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‘Super Flush’ Tests Baseball Stadium’s New Restroom Facilities


By Greg Zimmerman Plumbing & Restrooms
restroom toilet flushing

The one thing you want from a shiny new facility is for it to operate as intended. But how do you make sure? Do you do a full-scale commissioning process on all building systems? Do you cross your fingers and hope? Something in between?

Restroom facilities are particularly important - poorly working restrooms in a new facility can deep-six any other positive impressions of the rest of the building. At the Texas Rangers new Globe Life Field, scheduled to open this spring, the team took an interesting tack to making sure toilets and urinals are working properly. The team held what it called a “Super Flush,” according to the Fort Worth Star-Telegram, hiring 300 students from an area technical school to flush the stadium’s 2,600 toilets and urinals, as close to simultaneously as they could, to simulate a “seventh-inning stretch scenario.” The idea is both to make sure they were working properly, but also to ensure the facility could handle “peak flush.” The test went off without a glitch - a successful “commissioning” process.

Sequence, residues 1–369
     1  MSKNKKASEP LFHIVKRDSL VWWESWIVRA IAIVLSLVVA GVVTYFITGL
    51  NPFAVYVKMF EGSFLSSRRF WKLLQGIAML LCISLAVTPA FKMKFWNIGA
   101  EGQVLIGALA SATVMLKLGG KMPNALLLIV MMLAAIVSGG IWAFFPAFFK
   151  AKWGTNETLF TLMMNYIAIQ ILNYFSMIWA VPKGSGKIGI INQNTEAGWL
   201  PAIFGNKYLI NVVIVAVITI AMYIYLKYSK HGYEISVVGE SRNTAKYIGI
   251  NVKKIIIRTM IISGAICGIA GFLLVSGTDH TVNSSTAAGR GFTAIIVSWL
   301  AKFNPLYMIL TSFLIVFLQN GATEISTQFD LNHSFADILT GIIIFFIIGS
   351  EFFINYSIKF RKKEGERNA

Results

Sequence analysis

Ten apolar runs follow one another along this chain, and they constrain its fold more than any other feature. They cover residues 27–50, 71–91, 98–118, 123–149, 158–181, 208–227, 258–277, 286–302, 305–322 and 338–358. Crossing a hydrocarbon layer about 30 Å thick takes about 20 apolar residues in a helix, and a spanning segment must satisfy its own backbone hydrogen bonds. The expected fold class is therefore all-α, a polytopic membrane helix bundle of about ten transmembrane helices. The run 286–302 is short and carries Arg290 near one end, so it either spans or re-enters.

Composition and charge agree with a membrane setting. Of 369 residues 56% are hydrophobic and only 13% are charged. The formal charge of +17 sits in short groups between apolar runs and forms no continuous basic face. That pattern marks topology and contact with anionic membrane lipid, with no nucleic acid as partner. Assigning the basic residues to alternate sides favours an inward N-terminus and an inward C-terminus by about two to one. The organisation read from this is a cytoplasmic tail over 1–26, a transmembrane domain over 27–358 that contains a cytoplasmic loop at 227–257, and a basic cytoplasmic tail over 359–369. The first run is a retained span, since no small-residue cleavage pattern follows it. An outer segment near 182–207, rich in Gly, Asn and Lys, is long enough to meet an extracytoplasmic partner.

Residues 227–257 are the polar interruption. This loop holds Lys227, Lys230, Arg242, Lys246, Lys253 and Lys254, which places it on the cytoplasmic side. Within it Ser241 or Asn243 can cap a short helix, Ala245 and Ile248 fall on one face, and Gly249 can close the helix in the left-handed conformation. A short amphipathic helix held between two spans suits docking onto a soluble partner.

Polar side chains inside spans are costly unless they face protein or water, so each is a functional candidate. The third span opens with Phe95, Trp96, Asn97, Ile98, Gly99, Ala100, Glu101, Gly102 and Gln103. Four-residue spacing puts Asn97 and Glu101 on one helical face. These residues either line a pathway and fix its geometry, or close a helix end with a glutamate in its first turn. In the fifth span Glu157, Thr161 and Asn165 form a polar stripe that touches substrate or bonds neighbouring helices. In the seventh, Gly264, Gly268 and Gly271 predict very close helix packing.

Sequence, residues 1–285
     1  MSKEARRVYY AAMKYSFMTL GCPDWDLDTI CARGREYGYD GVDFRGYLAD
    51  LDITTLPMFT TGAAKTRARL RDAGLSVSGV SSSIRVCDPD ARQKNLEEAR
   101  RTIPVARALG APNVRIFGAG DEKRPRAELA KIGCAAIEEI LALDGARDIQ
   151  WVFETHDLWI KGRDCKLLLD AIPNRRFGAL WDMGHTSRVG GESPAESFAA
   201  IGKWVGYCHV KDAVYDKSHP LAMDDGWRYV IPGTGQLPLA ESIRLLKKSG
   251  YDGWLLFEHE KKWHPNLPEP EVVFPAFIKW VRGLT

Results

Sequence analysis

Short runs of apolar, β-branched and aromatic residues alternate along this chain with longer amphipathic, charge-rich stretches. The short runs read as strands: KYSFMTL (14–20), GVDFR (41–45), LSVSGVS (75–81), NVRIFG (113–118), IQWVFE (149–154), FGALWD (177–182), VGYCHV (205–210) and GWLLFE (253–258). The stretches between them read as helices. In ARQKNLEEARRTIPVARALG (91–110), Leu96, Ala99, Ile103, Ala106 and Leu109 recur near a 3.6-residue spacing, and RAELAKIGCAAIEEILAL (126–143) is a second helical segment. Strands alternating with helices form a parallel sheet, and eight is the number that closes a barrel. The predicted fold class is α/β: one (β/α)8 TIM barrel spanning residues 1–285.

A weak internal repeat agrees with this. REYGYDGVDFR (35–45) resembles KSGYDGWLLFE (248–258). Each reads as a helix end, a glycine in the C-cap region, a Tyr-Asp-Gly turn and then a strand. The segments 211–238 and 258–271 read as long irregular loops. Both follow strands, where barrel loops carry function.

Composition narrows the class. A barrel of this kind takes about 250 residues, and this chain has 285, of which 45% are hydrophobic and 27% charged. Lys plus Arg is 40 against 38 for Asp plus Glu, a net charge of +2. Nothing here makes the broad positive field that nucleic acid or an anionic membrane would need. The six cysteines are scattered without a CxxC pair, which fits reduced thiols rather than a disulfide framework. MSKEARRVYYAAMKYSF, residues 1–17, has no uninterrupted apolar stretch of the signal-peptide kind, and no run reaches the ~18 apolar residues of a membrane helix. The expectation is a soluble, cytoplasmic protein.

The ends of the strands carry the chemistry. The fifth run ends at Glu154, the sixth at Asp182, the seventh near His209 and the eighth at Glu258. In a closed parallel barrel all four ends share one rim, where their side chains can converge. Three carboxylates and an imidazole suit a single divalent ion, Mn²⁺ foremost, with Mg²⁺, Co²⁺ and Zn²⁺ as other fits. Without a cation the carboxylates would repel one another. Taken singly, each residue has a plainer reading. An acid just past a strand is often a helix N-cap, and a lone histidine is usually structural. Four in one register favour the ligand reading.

The Rangers aren’t the first professional sports team to employ a Super Flush. New England Patriots are the originators, having conducted a similar test in 1971. This one, however, happened under less-than-ideal conditions. After Schaefer Stadium (aka Foxboro Stadium) opened, there were some problems. During the first game, several sinks and toilets backed up because the stadium’s plumbing couldn’t handle the flush volume. The Board of Health threatened to shut down the stadium, so after some repairs were made, the Super Flush was conducted to make sure the toilets worked. And this time they passed. 

This post was submitted by Greg Zimmerman, executive editor, Building Operating Management and FacilitiesNet.com. Read his cover story about Chris Walinski and his mission to make open offices flexible and productive. 

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